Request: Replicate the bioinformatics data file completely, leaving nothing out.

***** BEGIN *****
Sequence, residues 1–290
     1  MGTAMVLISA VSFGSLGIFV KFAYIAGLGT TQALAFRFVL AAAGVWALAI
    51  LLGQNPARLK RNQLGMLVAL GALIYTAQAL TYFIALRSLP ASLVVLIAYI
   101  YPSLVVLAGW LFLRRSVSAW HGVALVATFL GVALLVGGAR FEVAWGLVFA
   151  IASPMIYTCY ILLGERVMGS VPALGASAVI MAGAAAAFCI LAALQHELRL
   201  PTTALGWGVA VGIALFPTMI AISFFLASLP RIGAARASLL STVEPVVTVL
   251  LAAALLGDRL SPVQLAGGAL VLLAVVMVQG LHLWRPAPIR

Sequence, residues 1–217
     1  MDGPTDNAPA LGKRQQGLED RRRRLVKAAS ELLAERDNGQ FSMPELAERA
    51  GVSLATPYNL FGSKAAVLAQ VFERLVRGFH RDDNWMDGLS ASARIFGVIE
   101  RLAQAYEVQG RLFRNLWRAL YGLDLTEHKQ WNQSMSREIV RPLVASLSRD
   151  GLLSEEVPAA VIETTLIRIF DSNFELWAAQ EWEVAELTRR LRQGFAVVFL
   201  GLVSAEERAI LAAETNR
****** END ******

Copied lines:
Sequence, residues 1–290
     1  MGTAMVLISA VSFGSLGIFV KFAYIAGLGT TQALAFRFVL AAAGVWALAI
    51  LLGQNPARLK RNQLGMLVAL GALIYTAQAL TYFIALRSLP ASLVVLIAYI
   101  YPSLVVLAGW LFLRRSVSAW HGVALVATFL GVALLVGGAR FEVAWGLVFA
   151  IASPMIYTCY ILLGERVMGS VPALGASAVI MAGAAAAFCI LAALQHELRL
   201  PTTALGWGVA VGIALFPTMI AISFFLASLP RIGAARASLL STVEPVVTVL
   251  LAAALLGDRL SPVQLAGGAL VLLAVVMVQG LHLWRPAPIR

Sequence, residues 1–217
     1  MDGPTDNAPA LGKRQQGLED RRRRLVKAAS ELLAERDNGQ FSMPELAERA
    51  GVSLATPYNL FGSKAAVLAQ VFERLVRGFH RDDNWMDGLS ASARIFGVIE
   101  RLAQAYEVQG RLFRNLWRAL YGLDLTEHKQ WNQSMSREIV RPLVASLSRD
   151  GLLSEEVPAA VIETTLIRIF DSNFELWAAQ EWEVAELTRR LRQGFAVVFL
   201  GLVSAEERAI LAAETNR